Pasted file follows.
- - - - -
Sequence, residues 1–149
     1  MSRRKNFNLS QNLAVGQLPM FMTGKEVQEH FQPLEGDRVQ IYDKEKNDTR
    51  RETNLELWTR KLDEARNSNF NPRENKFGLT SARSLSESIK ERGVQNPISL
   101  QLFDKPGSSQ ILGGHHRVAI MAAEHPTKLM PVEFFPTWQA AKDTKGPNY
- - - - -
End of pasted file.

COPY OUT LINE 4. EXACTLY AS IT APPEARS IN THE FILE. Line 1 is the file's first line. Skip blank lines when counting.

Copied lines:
   101  QLFDKPGSSQ ILGGHHRVAI MAAEHPTKLM PVEFFPTWQA AKDTKGPNY